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On First Looking Into Posner's Opinions, and Finding One Where He Didn't Exactly Hit a Homer

From Passing the Bar: Poems to Learn the Law By, by John Crouch

Negligence — The Offhand Formula

McCarty v. Pheasant Run, Inc.

826 F.2d 1554 (U.S. 7th Circuit 1987)

Held, by the Foremost Jurist of his Time, and an Admirer of Rustic Scenery, that if a Lodging-House have a Secret Door, affording Convenient Ingress to Sundry Villains, then So Be It; inasmuch as Caveat Emptor, Mercatum Non Potest Peccare, etc.

FACTS:

One evening a conventioneer checked into her hotel room,

not wanting any view, she said, just a quiet place-to-dwell room. 

She didn’t open her curtain, though it was six o’clock,

and she assumed it cloaked a window — not a door, which was unlocked! 

Through which an intruder entered, beat her and threatened rape.

She fought him off successfully, but he made good his escape.

He took her purse, and left her bruised and emotionally distressed,

for which she sued the inn, which had afforded her no rest.

POSNER, C.J.:

When you check into a resort hotel, you go inspect the view.

At least I know that’s the first thing that all reasonable people do.

I’m  not too busy to do that, so I’d like to know who is.

I guess my meager résumé would sure be dwarfed by his.

If this Philistine had moved the curtain, she would have seen the door,

affording access to a walkway, for that’s what it was for.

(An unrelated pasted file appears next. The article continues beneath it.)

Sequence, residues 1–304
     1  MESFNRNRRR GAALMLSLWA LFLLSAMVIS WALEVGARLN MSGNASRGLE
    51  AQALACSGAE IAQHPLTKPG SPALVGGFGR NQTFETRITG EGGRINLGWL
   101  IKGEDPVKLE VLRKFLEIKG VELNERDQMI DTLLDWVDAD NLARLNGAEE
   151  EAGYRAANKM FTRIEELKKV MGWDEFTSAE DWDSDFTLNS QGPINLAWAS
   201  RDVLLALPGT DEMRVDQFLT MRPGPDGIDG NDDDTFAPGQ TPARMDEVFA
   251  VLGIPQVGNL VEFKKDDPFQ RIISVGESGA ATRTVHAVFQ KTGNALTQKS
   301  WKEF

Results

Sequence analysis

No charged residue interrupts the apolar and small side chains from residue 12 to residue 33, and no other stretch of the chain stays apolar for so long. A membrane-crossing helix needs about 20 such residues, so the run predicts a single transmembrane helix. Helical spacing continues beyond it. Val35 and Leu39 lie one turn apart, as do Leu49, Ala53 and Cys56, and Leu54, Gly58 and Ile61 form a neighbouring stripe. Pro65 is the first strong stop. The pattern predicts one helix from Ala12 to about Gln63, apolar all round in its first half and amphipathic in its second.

And reasonably, when she went to bed, she’d make sure and lock it.

So why should the cost of her negligence be paid from Defendant’s pocket?

Must the maids or clerks make sure it’s locked each time someone checks out,

just to safeguard the virginity of one thoughtless layabout?

Must they pay  someone to do this, when each reasonable guest

will repeat their labor, anyhow, when laying down to rest?

It would not be economical. Thus the costs it would prevent

must be shouldered by the victim of this improbable event.

_______ 

Note: 

[1]This case shows the dangers involved when a judge merely uses his own experience and tastes as the measure of “reasonableness,” in contrast to the Carroll Towing case, which is based on a review of numerous cases imposing various requirements in similar situations, and also looking at custom and usage in the industry. But in Judge Posner’s defence it may be pointed out that it was originally the jury, not a judge, who decided that it would not be reasonable to require hotels to make sure that such doors are locked.